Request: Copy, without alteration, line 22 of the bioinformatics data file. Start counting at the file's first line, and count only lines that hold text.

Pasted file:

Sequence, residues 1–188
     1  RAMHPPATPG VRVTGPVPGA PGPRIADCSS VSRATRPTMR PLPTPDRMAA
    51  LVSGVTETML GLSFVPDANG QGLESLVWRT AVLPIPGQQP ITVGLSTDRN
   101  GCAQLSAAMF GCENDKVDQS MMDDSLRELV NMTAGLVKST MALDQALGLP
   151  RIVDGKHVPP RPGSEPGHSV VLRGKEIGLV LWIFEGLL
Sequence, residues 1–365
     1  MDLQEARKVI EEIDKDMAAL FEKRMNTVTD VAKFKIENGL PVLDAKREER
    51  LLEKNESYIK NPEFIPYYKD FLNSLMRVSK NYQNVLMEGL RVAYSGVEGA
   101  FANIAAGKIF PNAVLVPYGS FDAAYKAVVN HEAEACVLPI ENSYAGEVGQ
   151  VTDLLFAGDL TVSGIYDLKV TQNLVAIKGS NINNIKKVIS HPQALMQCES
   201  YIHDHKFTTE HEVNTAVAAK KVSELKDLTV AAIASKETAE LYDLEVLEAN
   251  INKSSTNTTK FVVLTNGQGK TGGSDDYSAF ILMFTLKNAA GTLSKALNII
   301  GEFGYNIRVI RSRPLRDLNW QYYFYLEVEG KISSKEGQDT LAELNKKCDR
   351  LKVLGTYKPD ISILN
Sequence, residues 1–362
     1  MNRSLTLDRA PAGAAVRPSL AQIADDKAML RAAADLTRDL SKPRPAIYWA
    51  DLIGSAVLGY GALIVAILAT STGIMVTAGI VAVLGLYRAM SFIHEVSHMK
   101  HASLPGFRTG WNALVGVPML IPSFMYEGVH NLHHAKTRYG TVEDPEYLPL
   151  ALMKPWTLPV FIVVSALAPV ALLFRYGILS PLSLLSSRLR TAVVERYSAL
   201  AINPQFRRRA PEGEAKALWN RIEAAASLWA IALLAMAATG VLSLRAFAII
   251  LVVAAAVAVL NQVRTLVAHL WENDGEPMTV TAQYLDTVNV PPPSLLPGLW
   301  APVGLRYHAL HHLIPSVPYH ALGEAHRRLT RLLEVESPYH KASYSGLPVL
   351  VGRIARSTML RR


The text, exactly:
   301  APVGLRYHAL HHLIPSVPYH ALGEAHRRLT RLLEVESPYH KASYSGLPVL